Eagles Offseason Outlook: Running Back

What will the Eagles do with DeMarco Murray, Ryan Mathews and Darren Sproles?

Ryan Mathews and DeMarco Murray. (Jeff Fusco)

Ryan Mathews and DeMarco Murray. (Jeff Fusco)

Throughout the next two weeks, we’ll take a position-by-position look at where the Eagles stand going into the offseason. In the first installment we covered the quarterbacks, and now it’s on to the running backs.


The Eagles spent nearly $12 million in 2015 on running backs (second-most in the NFL, per Spotrac), but by just about every measure, they fell short of lofty preseason expectations. Philadelphia ranked 21st in yards per carry (3.9), and according to Football Outsiders, they had the 17th-best rushing attack in the league.

If it weren’t for Ryan Mathews, the Eagles would’ve been closer to the bottom. Mathews, who missed three games due to injury, averaged 5.1 yards per carry. That career-high mark was good for second among NFL running backs with at least 100 rushes, and it’s a big reason why he ranked eighth in Football Outsiders’ DYAR metric, which measures a player’s performance compared to replacement level.

Mathews’ longest run of the year was a 63-yard touchdown against the Panthers in Week 7.

“He may be the most explosive one we have [at running back],” Chip Kelly said in December. “When you watch the run against — with the groin, the run against Carolina where he hits the home run from 60, and I think he has got that kind of extra gear, I think, than all of those guys.”

Mathews will cost the Eagles $4 million in 2016, which is less than both DeMarco Murray and Darren Sproles. However, because of Murray’s $8 million cap hit, Sproles’ $4.5 million mark and other minor obligations, the Eagles are slotted to spend more than $17 million in 2016 at running back. They could be overtaken depending on free agency and other unforeseen moves, but that leads the league by a large margin.

Murray, of course, was hugely disappointing last year, which you can attribute to some sort of combination of declining skills and misuse. Murray repeatedly said he preferred to run out of under center formations versus the shotgun, and that he liked to get “lathered up” by getting a lot of carries throughout the game to help him get going.

Chip Kelly said something similar when he added Murray, but Doug Pederson indicated at his introductory press conference that Murray fits his offense. The Eagles’ new coach, however, seems more flexible in adjusting his scheme to his players.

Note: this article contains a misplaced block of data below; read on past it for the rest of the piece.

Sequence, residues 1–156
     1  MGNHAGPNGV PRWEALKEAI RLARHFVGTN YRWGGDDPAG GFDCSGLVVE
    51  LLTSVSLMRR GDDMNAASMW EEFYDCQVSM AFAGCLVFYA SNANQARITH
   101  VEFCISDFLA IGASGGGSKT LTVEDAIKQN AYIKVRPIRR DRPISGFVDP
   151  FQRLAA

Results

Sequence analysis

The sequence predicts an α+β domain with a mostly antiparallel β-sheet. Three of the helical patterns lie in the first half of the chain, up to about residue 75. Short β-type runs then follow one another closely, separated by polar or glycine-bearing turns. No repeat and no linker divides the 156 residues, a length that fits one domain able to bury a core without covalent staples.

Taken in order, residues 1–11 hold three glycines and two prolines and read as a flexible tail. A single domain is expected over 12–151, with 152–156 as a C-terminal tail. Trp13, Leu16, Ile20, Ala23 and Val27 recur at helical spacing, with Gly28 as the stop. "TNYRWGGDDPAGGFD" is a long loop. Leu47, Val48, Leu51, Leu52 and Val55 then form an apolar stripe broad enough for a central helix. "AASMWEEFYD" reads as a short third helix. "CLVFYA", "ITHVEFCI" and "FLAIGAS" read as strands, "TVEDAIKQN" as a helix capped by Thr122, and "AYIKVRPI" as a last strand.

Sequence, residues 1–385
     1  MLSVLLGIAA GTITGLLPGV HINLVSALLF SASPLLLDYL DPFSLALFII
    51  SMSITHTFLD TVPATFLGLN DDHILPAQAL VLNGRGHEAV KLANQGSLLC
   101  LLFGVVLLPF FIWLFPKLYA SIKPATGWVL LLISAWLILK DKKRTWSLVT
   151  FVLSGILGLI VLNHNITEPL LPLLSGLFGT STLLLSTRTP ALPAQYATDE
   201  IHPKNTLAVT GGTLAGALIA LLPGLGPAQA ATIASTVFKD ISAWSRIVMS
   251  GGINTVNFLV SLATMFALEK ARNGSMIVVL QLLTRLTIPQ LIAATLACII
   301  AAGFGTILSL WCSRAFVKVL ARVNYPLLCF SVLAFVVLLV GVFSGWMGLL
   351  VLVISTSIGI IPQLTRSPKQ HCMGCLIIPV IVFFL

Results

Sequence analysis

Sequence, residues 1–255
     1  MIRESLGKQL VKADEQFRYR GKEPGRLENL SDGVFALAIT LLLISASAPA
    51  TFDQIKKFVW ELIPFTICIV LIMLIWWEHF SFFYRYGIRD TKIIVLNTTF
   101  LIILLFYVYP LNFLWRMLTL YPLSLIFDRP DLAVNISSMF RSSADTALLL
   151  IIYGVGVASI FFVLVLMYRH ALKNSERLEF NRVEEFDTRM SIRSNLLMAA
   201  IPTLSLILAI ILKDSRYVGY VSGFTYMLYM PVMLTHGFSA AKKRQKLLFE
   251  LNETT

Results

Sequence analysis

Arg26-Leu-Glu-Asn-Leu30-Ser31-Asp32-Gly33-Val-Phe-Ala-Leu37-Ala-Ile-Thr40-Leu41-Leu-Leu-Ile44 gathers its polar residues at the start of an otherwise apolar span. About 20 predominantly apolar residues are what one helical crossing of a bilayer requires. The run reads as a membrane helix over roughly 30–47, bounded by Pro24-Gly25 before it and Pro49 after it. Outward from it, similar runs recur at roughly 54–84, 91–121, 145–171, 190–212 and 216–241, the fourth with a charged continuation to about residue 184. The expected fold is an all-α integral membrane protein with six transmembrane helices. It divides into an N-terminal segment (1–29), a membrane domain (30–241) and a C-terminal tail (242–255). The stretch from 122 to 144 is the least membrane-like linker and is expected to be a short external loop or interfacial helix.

“DeMarco Murray fits well into what I can bring,” Pederson said. “I think there’s a unique style there with him. When you go back and look at his tape in Dallas, I think there’s some great opportunities with him, more of a downhill-type guy, physical running back.”


There’s no reason to think Mathews is going anywhere, and although the Eagles could save $3.5 million by cutting Sproles in the final year of his deal, I’m not sure how likely that is. Sproles is making a lot of money for a third-string running back, but he has a lot of value as a Pro Bowl punt returner and could be used better as a receiving option on offense.

Regardless, the big talk recently has been about how Murray and the Eagles are “not in a good place.” Was Murray’s 3.6 yards per carry last season disappointing? Yes. Could the Eagles have a good rushing attack without him? Yes. But the problem with getting rid of him, as you know, is his contract.

Murray would cost the Eagles $13 million if they cut him, which would be a huge burden. It’s also unlikely other teams would want to trade for Murray because of his contract unless he gives up millions of dollars in a restructuring; after his $8 million cap hit in 2016, his cap hit in 2017, 2018 and 2019 is $9 million per year.

That’s why I don’t expect anything to change with the Eagles’ top two running backs, while there’s a possibility Sproles could be cut and Kenjon Barner, who is under contract for 2016, could be let go if Pederson prefers a different young running back.


Here are the top running back free agents, according to FOX Sports’ WalterFootball.com:

  1. Doug Martin
  2. Lamar Miller
  3. Matt Forte
  4. C.J. Anderson
  5. Ronnie Hillman
  6. Alfred Morris
  7. Bilal Powell
  8. Chris Ivory
  9. Khiry Robinson
  10. Christine Michael

I’d be shocked if the Eagles make a big splash in free agency to sign a running back, but who thought they’d sign Murray and Mathews at this time last year? Above are some of the top free agents in case the unexpected happens.


Here are the top running back prospects in the draft, according to ESPN’s Scouts Inc., including their overall ranking:

  1. Ezekiel Elliott, Ohio State (No. 14)
  2. Derrick Henry, Alabama (No. 50)
  3. Alex Collins, Arkansas (No. 66)
  4. Jordan Howard, Indiana (No. 88)
  5. Paul Perkins, UCLA (No. 114)
  6. Kenneth Dixon, Louisiana Tech (No. 120)
  7. Devontae Booker, Utah (No. 144)
  8. Kenyan Drake, Alabama (No. 156)
  9. Kelvin Taylor, Florida (No. 171)
  10. Josh Ferguson, Illinois (No. 178)

This is the group, as opposed to the free agency list, that should draw your attention. It’s very unlikely the Eagles will spend a high draft pick on a running back, but if they like someone in the later rounds who falls and would be a great value pick, it wouldn’t be surprising to see him selected.